GOOD

Here's What You Should Do The Next Time You Burn Your Mouth On Hot Food

No, you’re not burning off your taste buds. It just feels that way.

We’ve all been there – We know that our pizza just came out of the oven, but we’re hungry now, dammit. So, ignore every sensible thing our brain tells us, we listen to our stomach and dig in.

Yup. It’s hot. And now your mouth feels like it was the scene of a four-alarm fire.


The burns you experience when you eat hot food before it’s cooled are almost always first-degree burns, which means that they really don’t do any lasting damage to your mouth, health, or ability to taste in the future, but that doesn’t make them any less of an annoyance for the hours and days after your bad decision.

Since technology isn’t going to bail us out of this mess in the near future, it’s on us to treat the damage we do.

Speaking to Buzzfeed, Dr. Allison Bruce, a dermatologist, shares the ins and outs of burning your mouth. She says, “Mouth burns are usually first-degree burns, and sometimes second-degree but it’s less common. The mouth is lined with a mucus membrane and there’s no spongy or fatty layer underneath like regular skin, so it just adheres to bone.”

Here’s a video showing exactly what goes on when you dive into food before it’s cool enough to eat:

Like any other minor burn, you’re going to get mild to moderate pain, redness, swelling, and inflammation. Your body will run its course healing the damage done, but you can speed things up a bit by taking a few steps.

First, you should get some cool or cold water (but not ice – it can stick to the burn making things worse), and swish it around your mouth. This is helpful because it will remove any hot remnants that could be doing damage while also cleaning the newly-burned area of any foreign matter, most likely food.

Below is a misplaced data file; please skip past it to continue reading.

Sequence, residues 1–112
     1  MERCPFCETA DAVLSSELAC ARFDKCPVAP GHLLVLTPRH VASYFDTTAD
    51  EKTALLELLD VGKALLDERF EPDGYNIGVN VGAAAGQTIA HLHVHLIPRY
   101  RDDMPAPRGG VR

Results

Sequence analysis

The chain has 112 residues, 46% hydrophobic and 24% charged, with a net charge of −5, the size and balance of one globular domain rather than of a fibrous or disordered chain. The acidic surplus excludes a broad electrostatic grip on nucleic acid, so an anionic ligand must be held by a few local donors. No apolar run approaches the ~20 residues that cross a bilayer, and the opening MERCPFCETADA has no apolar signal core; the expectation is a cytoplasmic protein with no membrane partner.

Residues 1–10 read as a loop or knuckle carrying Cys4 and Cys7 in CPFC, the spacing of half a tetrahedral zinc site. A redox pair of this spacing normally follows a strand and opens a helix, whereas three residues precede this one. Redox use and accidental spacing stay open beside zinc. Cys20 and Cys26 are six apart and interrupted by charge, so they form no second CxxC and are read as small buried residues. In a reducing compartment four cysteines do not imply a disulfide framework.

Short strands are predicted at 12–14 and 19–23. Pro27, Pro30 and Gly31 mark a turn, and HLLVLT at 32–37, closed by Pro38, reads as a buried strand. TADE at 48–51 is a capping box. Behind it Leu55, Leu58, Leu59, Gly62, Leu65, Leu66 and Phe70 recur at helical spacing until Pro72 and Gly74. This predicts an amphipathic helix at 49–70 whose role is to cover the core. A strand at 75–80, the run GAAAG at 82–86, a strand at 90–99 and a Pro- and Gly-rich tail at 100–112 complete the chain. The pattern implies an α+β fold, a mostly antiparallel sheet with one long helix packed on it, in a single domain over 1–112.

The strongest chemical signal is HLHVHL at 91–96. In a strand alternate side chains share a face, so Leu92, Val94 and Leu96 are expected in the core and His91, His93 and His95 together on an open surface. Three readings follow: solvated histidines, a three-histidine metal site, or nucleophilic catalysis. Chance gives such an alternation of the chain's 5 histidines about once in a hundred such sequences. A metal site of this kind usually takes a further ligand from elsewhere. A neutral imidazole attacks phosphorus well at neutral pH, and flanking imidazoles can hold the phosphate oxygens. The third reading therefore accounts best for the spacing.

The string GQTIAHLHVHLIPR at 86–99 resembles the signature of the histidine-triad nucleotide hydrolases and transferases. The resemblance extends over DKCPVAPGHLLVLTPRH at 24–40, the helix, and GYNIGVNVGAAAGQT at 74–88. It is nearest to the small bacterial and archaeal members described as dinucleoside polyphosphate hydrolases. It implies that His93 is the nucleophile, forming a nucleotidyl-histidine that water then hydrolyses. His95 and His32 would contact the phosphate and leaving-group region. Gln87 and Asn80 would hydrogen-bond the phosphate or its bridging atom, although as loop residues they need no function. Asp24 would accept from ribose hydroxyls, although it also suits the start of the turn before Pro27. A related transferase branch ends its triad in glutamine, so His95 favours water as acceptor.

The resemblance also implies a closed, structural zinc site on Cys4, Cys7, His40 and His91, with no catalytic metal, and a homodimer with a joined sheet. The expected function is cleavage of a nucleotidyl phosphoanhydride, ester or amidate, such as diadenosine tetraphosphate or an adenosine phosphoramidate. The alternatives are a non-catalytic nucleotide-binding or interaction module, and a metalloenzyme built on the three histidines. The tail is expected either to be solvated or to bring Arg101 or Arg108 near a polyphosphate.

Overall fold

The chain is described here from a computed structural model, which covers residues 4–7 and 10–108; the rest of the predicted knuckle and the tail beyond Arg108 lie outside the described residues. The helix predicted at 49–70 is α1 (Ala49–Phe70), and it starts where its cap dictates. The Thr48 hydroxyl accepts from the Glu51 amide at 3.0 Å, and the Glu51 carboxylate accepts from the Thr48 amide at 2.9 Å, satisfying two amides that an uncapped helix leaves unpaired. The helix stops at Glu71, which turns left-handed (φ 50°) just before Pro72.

The pain will likely be gone in just two or three days because your mouth heals so quickly, but the wound itself won’t be gone for about a week. That said, barring some pretty bizarre eating practices, you can resume life as normal when the pain is gone.

Here’s the part where we tell you that prevention is the best practice, but hunger and general excitement about food has a way of winning out over common sense, so the best practical advice we can give is to keep a glass of water around for when you throw caution to the wind at 11 PM with your Bagel Bites.

In the days following, the pain will subside, but the healing continues. To keep things going smoothly, your best bet is common sense. Stay away from more hot (temperature and spiciness) foods, as well as really acidic fare. And put down that spoonful of Cap’n Crunch – Hard, sharp snacks can undo the healing measures in place, slowing the recovery and causing a fair amount of pain along the way.

So maybe next time you’re starving, opt for some soft, cool Jello and give your mouth a break.

Health
via GOOD / YouTube

Last Friday, millions of people in 150 countries across the globe took to the streets to urge world leaders to enact dramatic solutions to combat climate change.

The Climate Strike was inspired, in part, by Greta Thunberg, a 16-year-old girl from Sweden who has captured worldwide attention for her tireless work to hold lawmakers responsible for the climate crisis.

The strike gave people across the planet the opportunity to make their voices heard before the U.N. General Assembly Climate Summit in New York City on Monday.

Keep Reading Show less
The Planet
Julian Meehan

Young leaders from around the world are gathering at the United Nations Headquarters in New York Saturday to address arguably the most urgent issue of our time. The Youth Climate Summit comes on the heels of an international strike spearheaded by Greta Thunberg, the 16-year-old climate activist from Sweden, who arrived in New York via emissions-free sailboat earlier this month.